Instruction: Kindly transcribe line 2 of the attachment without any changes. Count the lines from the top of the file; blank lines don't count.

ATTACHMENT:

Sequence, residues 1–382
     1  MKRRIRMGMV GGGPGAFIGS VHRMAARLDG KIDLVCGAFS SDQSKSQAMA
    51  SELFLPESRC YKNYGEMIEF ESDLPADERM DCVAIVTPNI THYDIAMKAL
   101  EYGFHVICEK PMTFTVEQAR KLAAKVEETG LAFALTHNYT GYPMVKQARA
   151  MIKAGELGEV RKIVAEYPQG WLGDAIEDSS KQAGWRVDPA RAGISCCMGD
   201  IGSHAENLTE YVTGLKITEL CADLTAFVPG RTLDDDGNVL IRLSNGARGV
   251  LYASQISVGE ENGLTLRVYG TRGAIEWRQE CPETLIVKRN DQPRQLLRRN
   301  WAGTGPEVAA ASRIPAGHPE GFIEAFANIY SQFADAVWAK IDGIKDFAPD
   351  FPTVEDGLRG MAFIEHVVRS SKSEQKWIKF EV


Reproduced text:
     1  MKRRIRMGMV GGGPGAFIGS VHRMAARLDG KIDLVCGAFS SDQSKSQAMA